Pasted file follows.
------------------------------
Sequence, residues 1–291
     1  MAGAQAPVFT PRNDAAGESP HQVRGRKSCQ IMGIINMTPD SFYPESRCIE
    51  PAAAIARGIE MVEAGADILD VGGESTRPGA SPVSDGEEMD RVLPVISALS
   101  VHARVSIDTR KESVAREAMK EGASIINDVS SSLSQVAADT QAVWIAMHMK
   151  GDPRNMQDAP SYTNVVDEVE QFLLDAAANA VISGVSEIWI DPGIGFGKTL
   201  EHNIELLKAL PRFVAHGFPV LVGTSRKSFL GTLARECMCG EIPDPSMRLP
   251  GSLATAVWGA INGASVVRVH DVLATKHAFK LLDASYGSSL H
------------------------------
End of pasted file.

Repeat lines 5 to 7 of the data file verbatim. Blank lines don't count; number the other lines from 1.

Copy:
   151  GDPRNMQDAP SYTNVVDEVE QFLLDAAANA VISGVSEIWI DPGIGFGKTL
   201  EHNIELLKAL PRFVAHGFPV LVGTSRKSFL GTLARECMCG EIPDPSMRLP
   251  GSLATAVWGA INGASVVRVH DVLATKHAFK LLDASYGSSL H